A recent pet food drive brought nearly 900 pounds of dog and cat food to the Spokane Humane Society, which will use the donation at its pet food bank that is open to the public.
The drive was organized by Nakoa Richardson with Boy Scout Troop 208 as his Eagle Scout project. “This was his idea,” said Humane Society executive director Ed Boks. “He reached out to us and said it was in his heart to help the animals in our community. We certainly appreciate that kind of ingenuity.”
The organization’s pet food bank provides food to people in need, typically giving away between 35,000 and 40,000 pounds of food a year.
“Anybody who is unable to afford pet food can come down,” he said.
People are asked to call ahead to (509) 467-5235 to make an appointment to visit the pet food bank, which also sometimes has cat litter and toys to give away as well.
“For folks who need a steady supply until they get back on their feet, we do ask that they come once a month,” Boks said. “If we can help people keep their pets so they don’t end up in the shelter, that’s a win-win.”
People sometimes surrender their pets because they can no longer afford to feed and care for them, Boks said.
That number seems to have remained pretty flat in recent months.
People often drop off pet food at the shelter, but it’s usually a bag or two at a time.
“People have been very, very generous,” he said. “A lot of people want to help the Humane Society and assume we need food.”
But it’s not healthy for animals to switch their food frequently, so all the donated food is given away, Boks said.
“We need a steady diet for health reasons,” he said. “We purchase our own food.”
A Boy Scout who wishes to achieve the Eagle Scout rank, the highest rank there is, has to complete a project before his 18th birthday.
Richardson, who will be a senior at Mt. Spokane High School this fall, said he originally planned to rebuild a rotting fence at a church playground before the COVID-19 pandemic forced a change in plans.
“It involved a lot of people working a lot closer together,” he said of his original project.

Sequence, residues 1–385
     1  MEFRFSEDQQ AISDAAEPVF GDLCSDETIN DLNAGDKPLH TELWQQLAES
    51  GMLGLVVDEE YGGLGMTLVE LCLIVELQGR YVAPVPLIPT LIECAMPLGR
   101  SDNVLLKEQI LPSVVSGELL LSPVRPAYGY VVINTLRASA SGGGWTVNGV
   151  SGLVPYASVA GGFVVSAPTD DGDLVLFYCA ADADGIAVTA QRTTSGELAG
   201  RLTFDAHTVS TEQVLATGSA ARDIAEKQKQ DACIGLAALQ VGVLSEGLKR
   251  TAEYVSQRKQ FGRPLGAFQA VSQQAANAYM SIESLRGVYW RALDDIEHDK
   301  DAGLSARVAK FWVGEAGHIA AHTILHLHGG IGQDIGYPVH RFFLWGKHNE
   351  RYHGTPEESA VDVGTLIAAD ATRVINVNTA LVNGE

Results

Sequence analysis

Richardson decided to do a pet food drive instead, and put his American Staffordshire terrier Kupono on a flyer he circulated asking for donations.
“I really like animals and it doesn’t involve too much human contact,” he said. “We took them door -to -door in some neighborhoods, just left them under door mats and in screen doors.”
The flyers asked people to put any pet food they wanted to donate out on their porch a week later. On the appointed day Richardson and his helpers drove around the neighborhoods and picked the bags up. Richardson said he wasn’t expecting to collect 890 pounds.
“I was pretty surprised,” he said. “I was going for 500 pounds of food. That went above and beyond.”
Some people also gave cash donations. Richardson consulted with the Humane Society and used the cash to purchase the brands of cat and dog food the shelter feeds its animals.
Richardson said he’s glad he was able to help animals with his Eagle Scout project.
“I’m really happy how things turned out,” he said. “It was a pretty good project and had good results.”
Boks said he’s grateful for such a generous donation. “This is quite a windfall,” he said. “We had to rearrange our warehouse to make room for it.”
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